Actually we initiated it by founding Brewers & Union Brewery in 2007. Back then there were only four breweries in the whole country that you could even think of labeling as “craft”. Today there are about eighty. Or take the UK for example: four to five years ago, there basically wasn’t any craft beer, but in the last two years this trend has gone through the roof. At its most basic level, I think craft beer succeeds in the same way everywhere; there are simply some countries in which it occurs faster than in others. In Germany you still have to overcome some barriers of diehard beer drinkers – and even they have lost that prejudice that German beer that needs to be brewed in a specific way to be the best beer in the world.

Why did you decide to brew in Germany long before it came into consideration as a distribution market? Why such a long road?

In fact, we started in Belgium and brewed there for three years. I only went to Germany every now and then to have a look around but in doing that I noticed something: I love working with Germans. It works fantastically. 100 percent reliability. Germans, or to be precise, German brewers occasionally are accused of lacking creativity. I don’t know if that’s correct for the majority, but I know if you find the right people, you can get very creative with them and they immediately are ready and open to brewing beer differently. And bare in mind, for them this brings a certain risk of scaring away their regulars. I have to point out: you can’t accuse only the brewers of lacking creativity. It also rests on the customers that for a long time only wanted to drink the same beer. Furthermore, I think our concept of brewing here works perfectly: there are a lot of small to medium sized breweries in Germany that can’t utilize their maximum capacities by themselves and therefore are perfectly suited to rent out part of their space.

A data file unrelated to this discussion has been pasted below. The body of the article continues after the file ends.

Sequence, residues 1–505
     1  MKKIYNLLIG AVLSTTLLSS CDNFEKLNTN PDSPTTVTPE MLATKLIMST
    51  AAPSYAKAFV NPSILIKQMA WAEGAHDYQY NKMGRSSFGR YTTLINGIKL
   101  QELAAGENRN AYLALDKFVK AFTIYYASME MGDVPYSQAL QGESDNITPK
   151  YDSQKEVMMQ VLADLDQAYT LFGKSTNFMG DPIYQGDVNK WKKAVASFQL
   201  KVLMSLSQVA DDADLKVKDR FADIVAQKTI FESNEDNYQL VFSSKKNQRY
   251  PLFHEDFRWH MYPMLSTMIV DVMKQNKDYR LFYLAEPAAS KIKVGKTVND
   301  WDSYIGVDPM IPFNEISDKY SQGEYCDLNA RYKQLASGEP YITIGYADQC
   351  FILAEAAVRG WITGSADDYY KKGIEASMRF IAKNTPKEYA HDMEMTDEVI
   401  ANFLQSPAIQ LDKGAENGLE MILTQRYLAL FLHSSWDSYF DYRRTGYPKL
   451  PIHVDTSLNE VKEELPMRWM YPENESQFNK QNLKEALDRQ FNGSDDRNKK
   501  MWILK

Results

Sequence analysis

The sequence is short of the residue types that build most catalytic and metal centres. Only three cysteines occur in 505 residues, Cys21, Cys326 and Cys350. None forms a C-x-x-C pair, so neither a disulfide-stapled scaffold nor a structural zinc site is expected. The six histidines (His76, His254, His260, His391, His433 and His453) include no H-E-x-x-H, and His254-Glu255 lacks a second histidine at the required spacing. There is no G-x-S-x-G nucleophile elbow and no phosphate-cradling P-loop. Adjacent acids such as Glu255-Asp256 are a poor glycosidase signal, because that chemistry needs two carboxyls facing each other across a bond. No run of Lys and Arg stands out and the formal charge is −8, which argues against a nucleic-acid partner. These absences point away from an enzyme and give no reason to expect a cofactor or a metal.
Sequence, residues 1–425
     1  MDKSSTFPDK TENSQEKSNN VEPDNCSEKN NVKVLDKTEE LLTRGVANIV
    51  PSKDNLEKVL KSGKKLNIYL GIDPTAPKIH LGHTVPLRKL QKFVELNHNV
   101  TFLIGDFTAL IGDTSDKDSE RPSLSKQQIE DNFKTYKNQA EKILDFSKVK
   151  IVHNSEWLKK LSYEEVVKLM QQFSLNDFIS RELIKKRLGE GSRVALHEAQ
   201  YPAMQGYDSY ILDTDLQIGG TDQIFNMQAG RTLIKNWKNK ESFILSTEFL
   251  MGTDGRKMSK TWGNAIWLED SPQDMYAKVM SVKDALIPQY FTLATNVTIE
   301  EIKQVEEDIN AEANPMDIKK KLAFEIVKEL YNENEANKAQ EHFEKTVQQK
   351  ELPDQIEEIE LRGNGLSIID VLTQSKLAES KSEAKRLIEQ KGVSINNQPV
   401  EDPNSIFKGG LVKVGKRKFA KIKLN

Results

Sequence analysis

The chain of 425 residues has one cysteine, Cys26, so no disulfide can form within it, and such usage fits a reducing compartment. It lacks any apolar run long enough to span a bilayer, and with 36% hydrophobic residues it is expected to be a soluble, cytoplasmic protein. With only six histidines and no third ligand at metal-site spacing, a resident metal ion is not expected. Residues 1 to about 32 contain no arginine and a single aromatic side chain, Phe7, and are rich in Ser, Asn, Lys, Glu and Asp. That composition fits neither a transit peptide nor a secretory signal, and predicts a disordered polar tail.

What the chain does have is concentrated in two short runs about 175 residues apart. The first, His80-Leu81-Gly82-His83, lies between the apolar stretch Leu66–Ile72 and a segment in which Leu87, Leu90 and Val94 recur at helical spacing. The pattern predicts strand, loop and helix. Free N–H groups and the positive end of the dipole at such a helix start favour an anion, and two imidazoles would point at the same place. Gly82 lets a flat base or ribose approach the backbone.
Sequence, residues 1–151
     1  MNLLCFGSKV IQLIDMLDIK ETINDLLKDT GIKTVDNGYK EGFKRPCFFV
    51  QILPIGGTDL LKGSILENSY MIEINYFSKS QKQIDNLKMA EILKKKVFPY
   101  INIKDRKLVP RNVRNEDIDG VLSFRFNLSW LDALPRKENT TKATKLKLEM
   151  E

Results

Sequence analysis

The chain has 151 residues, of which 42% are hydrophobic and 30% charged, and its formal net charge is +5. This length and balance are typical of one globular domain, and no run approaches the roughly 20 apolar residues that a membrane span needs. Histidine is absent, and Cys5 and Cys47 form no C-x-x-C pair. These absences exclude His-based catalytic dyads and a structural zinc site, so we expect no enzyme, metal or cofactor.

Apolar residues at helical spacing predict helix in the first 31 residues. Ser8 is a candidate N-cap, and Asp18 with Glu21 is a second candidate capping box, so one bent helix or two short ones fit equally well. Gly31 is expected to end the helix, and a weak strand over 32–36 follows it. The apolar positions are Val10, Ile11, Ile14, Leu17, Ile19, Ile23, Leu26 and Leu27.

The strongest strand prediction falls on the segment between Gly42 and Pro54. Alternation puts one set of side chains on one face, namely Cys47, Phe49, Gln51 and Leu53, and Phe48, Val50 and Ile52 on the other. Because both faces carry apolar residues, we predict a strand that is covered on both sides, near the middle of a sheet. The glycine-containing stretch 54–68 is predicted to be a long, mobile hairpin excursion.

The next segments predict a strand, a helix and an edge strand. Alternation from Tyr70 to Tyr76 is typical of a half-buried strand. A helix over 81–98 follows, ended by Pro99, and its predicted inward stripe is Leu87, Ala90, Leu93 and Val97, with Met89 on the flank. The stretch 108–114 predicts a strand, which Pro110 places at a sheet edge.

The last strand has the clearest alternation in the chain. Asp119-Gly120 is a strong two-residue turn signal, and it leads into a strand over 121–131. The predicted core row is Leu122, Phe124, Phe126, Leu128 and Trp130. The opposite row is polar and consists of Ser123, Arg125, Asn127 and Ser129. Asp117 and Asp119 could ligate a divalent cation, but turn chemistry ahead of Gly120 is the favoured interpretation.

And what about the German craft beer market? Just as awesome?

Yes, even though there are, of course, some challenges. At the moment, I don’t have any distribution yet. Which, by the way, is complicated for small breweries everywhere in the world, since the corporations with their monopolies and contracts pretty much ruined the market. Then we have the German bottle deposit system, which we have to somehow deal with. And of course keeping the balance in supply and demand. Again, the same problems for everyone everywhere: on the one hand you don’t want to overproduce. On the other hand, if business really takes off you don’t want to tell your customers, sorry, there’s no more beer. So all in all it’s not an easy business, but we know our biggest obstacles. We aren’t starting from scratch, we’ve had our business running for seven years and we have good sales in three countries.

China sounds interesting. Do you also sell it there as “craft beer”?

Yes, they are already catching up. Dark beer sells really well, better than anywhere else, and of course IPA. At the moment – and I think this will work in Germany as well – we sell our Sunday Easy IPA pretty well. It seems to be a trend in general: the beers that are a little lighter are more in demand.

Brewers and Union Brewery

Brewers and Union Brewery has entered in Germany e.g. at the “Berlin Craft Bier Fest” (Fotos: StP)

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  • Most popular beers: 
    Sunday IPA, Handwerk IPA